(37) S’uka said: ‘Thus being addressed by the Yamadûtas did they, always ready to serve Vâsudeva, reply them smilingly the following, with voices resounding like rumbling clouds. (38) The honorable Vishnudûtas said: ‘If the lot of you are indeed the order-carriers of the King of Dharma, then you tell us the truth of dharma as also how adharma should be recognized. (39) In what way should punishment be administered or what would be the suitable place to do so, and are all or only some of the humans out for their advantage punishable?’
(40) The Yamadûtas said: ‘In the Vedas indeed is the dharma prescribed, adharma is the opposite of that; the Vedas are to be seen as born from Himself, from Nârâyana, so we’ve heard. (41) By Him, from His own position, are under the rule of the modes of passion, goodness and slowness all these manifestations created and have they their appropriate differences in qualities, names, activities and forms. (42) The divinity of the sun, the fire, the sky, the air, the gods, the moon, the evening, the day and the night, the directions, the water and the land; all these are dharma personified verily thus bearing witness to the embodied living entity. (43) By all these is the deviation in adharma known and are the proper places of punishment all acknowledged with regard to the karma in question of the offenders deserving the chastisement. (44) With the karmîs who contaminated by the modes took up a material form, are there indeed auspicious, pious acts as well as actions opposite to that, o sinless ones, because practically no one does his work completely free from material motives. (45) The extent to which someone in this life performs a certain adharma or dharma, assures him of enjoying or suffering a particular result accordingly in his next life [compare B.G. 14: 18]. (46) The way in this life among the living, o best of the divine, from the different effects of the natural modes, the three kinds of attributes are achieved [of being peaceful, restless and foolish; of being happy, unhappy or in-between; or of being religious, irreligious and semi-religious], may one expect it to be similar when one reaches elsewhere [in an afterlife]. (47) Just as the present time is evidence of the past and an indication for the future, is even so this birth indicative of the dharma and adharma of one’s past and future births. (48) In his abode does the godhead [of Yamarâja] in his mind’s eye observe the previous form taken and considers he its possible future; to the mind is he a great Lord as good as Brahmâ. (49) The way someone in his sleep is engaged in acting to a particular form, is one similarly unaware of the past and of what’s next when one because of one’s birth has lost the remembrance. (50) By the seventeen of the five working senses, the five senses of perception and their five objects, he performs, knows and has its interests, but with these fifteen elements and the mind to it, is he himself the one [soul] that is the seventeenth element enjoying the threefold. (51) Since that sixteen part subtle body is the effect of the three forces of the greater of nature, is the living entity subjected to a [difficult to overcome] perpetual transmigration [samsriti] that gives it jubilation, lamentation, fear and misery. (52) The embodied one who, not being in control with the senses and the mind, misses the awareness, is against his will caused to perform actions for his own material benefit; like a silkworm he thus weaves himself into his own karma, getting bewildered. (53) There is verily no one who but for a moment can remain without doing something; indeed is one by the three modes automatically forced to perform fruitive activities that are the result of one’s own natural tendencies. (54) By the so very powerful inborn nature comes into being, no doubt as a copy to the mother’s flesh and the father’s seed, the gross and the subtle of the body to the drive of the, for the person invisible, cause [see also: B.G. 8: 6]. (55) The position of a living entity has because of this association with the material of nature turned into an awkward one of forgetfulness, but if one but for a short while manages to enjoy the association of the Controller, is that problem overcome.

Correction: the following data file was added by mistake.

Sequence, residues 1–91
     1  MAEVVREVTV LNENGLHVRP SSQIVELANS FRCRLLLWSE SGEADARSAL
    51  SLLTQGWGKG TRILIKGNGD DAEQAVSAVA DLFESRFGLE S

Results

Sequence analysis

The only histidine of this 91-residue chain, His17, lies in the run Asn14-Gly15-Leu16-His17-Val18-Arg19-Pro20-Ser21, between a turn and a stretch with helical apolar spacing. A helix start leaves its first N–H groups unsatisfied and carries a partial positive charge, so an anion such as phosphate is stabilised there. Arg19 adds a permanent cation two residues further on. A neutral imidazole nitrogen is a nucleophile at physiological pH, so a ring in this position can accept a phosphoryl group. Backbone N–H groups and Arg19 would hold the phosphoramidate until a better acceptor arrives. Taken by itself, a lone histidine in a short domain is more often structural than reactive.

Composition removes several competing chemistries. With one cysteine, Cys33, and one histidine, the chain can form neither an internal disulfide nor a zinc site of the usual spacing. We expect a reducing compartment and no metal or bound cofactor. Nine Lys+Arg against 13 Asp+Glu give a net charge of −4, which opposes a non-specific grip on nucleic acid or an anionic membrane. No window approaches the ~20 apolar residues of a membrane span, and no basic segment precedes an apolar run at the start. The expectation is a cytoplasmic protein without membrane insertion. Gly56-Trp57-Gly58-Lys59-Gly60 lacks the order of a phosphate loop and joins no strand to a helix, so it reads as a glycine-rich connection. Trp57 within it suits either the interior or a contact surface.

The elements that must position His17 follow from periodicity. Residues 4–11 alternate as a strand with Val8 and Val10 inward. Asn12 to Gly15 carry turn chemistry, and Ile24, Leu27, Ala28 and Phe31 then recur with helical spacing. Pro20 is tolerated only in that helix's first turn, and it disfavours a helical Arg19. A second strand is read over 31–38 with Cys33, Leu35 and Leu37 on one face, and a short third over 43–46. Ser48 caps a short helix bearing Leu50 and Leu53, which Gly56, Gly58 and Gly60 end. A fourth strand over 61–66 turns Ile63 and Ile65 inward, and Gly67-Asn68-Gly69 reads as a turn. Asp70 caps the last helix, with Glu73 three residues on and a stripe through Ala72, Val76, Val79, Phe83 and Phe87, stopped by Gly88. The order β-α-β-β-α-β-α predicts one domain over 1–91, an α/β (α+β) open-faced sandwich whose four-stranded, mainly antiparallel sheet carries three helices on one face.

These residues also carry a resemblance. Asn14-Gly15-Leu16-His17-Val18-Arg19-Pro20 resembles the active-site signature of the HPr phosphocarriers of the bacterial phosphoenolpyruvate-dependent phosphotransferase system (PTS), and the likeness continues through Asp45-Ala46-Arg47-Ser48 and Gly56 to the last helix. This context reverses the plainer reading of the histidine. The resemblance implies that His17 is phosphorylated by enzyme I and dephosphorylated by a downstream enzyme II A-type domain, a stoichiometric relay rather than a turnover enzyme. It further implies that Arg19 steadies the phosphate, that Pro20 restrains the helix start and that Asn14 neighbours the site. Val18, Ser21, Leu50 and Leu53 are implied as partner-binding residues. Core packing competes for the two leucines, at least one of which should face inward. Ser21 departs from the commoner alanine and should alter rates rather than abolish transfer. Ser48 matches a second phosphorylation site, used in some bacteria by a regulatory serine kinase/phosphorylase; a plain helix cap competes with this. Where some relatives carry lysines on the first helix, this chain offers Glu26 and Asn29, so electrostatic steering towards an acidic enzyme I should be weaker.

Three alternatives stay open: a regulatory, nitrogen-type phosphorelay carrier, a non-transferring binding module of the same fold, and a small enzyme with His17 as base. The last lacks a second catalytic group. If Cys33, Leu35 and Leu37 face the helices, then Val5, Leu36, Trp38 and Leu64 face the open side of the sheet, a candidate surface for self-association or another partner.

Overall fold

(56-57) This one [Ajâmila] was always good with the Veda, of a good character, good conduct and a reservoir of good qualities; conscientiously he followed the injunctions, was mild, controlled, truthful, knew his mantras, was neat and clean, of the greatest esteem in service of the guru, the fire-god, his guests and members of the household and free from false pride, friendly to all, faultless, non-envious and of the best words. (58-60) Once did this brahmin, following the orders of his father, go to the forest to collect from there fruits and flowers and samit and kus’a [types of grass]. Returning, he saw some s’ûdra very lusty together with a public woman that drunken of maireya nectar [a drink made from the somaflower] rolled her eyes to and fro of the intoxication. Under the influence had her dress slackened and, unashamed having fallen from proper conduct, stood he close to her singing and laughing, having a good time. (61) Seeing her with his lusty, with turmeric decorated, arm around her, fell Ajâmila thus, with his heart after what he saw, victim of perplexity. (62) From within trying to get himself under control, reminding himself what was taught, failed he to manage to restrain his mind, agitated as it was by Cupid. (63) Provoked by the sight was he, in the bewilderment of his mind, a planet in eclipse forgetting his real position and gave he, with his mind fixed on her, up on his dharma. (64) Her he ventured to please, as far as the money he had from his father would permit it, offering her material certainty in catering to her desires, so that she thus would be satisfied. (65) His youthful wife, the brahmin’s daughter from a respectable family he married, he in his sin abandoned the moment his mind got caught by the looks of the public woman. (66) By all means and at all times did he, this person, bereft of all intelligence, by either properly or improperly acquiring the money for it, take care of her and the many children that were part of the family she constituted. (67) Because this man, acting irresponsibly, broke with all the rules of the s’âstra, was his life of passing such a long time in wrongful activities, because of its impurity most condemned as being unclean. (68) Since he did not atone for his perpetual sinning, shall we therefore take him to the presence of the Lord of Punishment where being chastised he will find purification.’